The primary reasons cited for this choice were: self healing, state maintenance, and high availability. Often, the task of running and scheduling of workloads is segmented onto two different servers. In this case, Target containerized the applications and co-located them on the same host and had a cluster of servers that provided the functionality, thereby achieving consolidation and redundancy.


The deployment tool of choice for Target was Spinnaker. I had never heard of it before. If you’re like me you had to Google it. I’ll save you the trouble, here is the Cliff’s Notes version: It is an open source tool that supports multiple cloud providers and integrates with many existing orchestration tools (like Kubernetes).

Using Spinnaker to deploy

Spinnaker uses the concepts of applications, clusters, and server groups to construct and manage deployment piplines. In short, it allows you to automate which target devices you want to install your software on.

Edge Cloud

One of the points Connie and Joana mentioned was that Target had few corproate datacenters, but 1,855 stores all with their own infrastructure. They wanted to manage each store like its own cloud, and so they needed an edge cloud provider.

Target named their edge cloud provider Unimatrix, which is a nod to Star Trek. Unimatrix commands and controls all of the Kubernetes deployments at the edge.

Edge Cloud Provider: Unimatrix

Unimatrix reuses the existing Kubernetes API, and allows deployment by pilot, mass roll out, or even by store regions. Maintaining the API contract and only adding additional microservices to augment custom requirements allowed Target to continue using the existing Spinnaker and Kubernetes integration. An additional component is the Unimatrix agent. The agent takes the role of the operator. It applies the application spec to the Kubernetes clusters. As the spec is applied, it reports back to Unimatrix, which syncs the state to Spinnaker so the developer can see the deployment progress. You can read more in depth about Unimatrix on the Target blog.

Demoing the Use case: Deploy a promotion

Now that we know all of the components of the system, we can see the process in action.

Process flow: deploying a promotion
  1. All promotion change features implemented as microservices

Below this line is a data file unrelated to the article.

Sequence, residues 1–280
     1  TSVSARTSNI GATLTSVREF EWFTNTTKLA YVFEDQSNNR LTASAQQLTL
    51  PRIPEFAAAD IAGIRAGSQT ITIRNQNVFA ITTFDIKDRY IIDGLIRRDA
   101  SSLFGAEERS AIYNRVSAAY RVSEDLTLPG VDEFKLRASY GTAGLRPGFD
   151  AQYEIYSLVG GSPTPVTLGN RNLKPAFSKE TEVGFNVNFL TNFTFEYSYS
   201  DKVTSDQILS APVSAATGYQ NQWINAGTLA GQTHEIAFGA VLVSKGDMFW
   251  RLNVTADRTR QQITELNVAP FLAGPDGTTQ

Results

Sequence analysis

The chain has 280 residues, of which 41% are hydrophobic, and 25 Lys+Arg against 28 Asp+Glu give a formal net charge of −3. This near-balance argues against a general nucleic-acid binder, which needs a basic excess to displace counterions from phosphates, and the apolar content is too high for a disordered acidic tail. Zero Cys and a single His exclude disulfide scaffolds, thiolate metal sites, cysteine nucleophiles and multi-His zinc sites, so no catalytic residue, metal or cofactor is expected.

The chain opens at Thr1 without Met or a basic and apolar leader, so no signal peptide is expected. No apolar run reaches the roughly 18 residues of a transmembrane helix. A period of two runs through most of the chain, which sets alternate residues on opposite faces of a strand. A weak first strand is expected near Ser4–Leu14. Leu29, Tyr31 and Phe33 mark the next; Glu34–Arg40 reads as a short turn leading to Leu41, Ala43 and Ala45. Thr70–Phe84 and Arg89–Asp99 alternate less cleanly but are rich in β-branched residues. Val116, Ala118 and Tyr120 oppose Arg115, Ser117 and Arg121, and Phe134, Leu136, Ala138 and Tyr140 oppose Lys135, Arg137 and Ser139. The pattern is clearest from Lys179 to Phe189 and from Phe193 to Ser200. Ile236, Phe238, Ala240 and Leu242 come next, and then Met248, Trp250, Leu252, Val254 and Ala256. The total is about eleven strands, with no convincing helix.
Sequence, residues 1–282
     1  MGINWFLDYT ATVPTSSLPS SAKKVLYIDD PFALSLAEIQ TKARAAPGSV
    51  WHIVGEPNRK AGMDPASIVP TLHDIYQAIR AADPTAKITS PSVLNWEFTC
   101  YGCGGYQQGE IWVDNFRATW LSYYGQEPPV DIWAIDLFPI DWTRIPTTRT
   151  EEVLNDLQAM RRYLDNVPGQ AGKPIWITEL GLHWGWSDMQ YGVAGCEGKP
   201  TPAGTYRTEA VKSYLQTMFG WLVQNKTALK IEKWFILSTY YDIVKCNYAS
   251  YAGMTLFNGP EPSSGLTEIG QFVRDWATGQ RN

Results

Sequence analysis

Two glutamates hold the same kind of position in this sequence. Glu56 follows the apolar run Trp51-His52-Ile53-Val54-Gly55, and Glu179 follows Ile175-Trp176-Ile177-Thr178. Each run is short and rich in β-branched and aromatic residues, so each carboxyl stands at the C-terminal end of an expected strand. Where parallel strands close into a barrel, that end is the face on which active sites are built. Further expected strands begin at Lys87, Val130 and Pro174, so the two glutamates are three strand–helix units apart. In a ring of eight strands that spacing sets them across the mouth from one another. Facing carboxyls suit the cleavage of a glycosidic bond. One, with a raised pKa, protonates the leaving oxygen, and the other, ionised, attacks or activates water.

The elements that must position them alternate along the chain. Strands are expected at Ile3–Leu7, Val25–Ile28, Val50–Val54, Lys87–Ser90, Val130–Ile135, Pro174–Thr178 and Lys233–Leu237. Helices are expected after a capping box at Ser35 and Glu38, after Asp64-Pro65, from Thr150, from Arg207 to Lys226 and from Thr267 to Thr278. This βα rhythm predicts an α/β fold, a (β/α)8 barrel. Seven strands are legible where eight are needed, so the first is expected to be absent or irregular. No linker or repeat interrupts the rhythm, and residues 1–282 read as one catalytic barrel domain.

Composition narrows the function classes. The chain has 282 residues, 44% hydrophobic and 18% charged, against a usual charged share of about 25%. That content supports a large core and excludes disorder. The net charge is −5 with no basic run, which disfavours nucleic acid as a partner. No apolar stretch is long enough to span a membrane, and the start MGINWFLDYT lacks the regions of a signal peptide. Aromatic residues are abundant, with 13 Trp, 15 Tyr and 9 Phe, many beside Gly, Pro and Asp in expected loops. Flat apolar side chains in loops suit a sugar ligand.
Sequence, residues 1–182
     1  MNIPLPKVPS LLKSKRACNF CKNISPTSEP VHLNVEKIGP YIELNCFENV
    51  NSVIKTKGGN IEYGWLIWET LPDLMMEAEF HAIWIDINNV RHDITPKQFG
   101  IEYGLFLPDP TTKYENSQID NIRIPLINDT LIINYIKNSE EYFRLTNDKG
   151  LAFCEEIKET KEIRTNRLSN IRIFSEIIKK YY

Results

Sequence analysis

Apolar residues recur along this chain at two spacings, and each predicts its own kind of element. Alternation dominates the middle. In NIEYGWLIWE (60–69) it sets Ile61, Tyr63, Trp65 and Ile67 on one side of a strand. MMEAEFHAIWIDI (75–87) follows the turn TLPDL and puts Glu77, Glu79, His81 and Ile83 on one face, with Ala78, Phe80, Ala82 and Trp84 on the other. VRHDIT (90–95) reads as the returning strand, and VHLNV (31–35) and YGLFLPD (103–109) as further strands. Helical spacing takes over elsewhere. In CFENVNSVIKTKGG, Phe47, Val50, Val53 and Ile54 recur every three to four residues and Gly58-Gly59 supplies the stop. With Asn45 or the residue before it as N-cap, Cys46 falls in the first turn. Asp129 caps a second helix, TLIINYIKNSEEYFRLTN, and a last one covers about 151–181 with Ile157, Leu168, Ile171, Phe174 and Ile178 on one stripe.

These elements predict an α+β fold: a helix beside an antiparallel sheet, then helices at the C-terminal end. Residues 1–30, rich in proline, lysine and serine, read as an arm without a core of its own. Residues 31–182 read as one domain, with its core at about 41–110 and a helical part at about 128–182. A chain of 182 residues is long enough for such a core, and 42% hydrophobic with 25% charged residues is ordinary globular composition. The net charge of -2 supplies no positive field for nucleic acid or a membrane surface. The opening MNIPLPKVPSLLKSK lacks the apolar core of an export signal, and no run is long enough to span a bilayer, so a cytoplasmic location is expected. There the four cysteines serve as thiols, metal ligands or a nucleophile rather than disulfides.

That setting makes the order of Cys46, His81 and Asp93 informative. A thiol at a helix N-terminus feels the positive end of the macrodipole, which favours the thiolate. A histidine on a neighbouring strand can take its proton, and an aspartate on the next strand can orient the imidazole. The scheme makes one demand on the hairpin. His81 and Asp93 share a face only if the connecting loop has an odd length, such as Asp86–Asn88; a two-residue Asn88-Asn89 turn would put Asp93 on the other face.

2. Push code to Git
  3. Security tools triggered to ensure
  4. Build process ensues
  5. Code goes into docker registry
  6. The Spinnaker pipeline is triggered, and pushes the application spec to the Unimatrix central server
  7. The Unimatrix deployment server begins to sync application spec to the agents in the defined pipelines

As all of this is happening, the state of the deployment is maintained and can be visualized in Spinnaker:

Deployment progress in Spinnaker UI — the green is complete, red is still in progress

And that is how it’s done!


So their teams did all of that work. What was the result?

  • On boarded > 90 applications in the first 6 months; which included IoT platforms, new microservices, and video machine learning capabilities.
  • Running in production at Target edge locations

How did they accomplish this success? The answer — defining very clear objectives from day one:

  1. The ability to deploy to stores in a targeted fashion (pun intended)
  2. Enable application developers to do the deployments
  3. Have clear measurements of progress
  4. Reusing tools allowed developers to rapidly adopt the technology
  5. Flexibility during the solution building — Target accelerated development by using open source, and created custom solutions only when necessary

Not to be biased, but…this was my FAVORITE GHC session. I loved the humorous exchanges between Joana and Connie, they were well rehearsed, knew the material, the flow was logically presented and really took the audience on the journey of WHY developing this technology was necessary, how they implemented the solution, and the return on the investment. Also, might I add, the speakers had the best red tennis shoes, very on brand.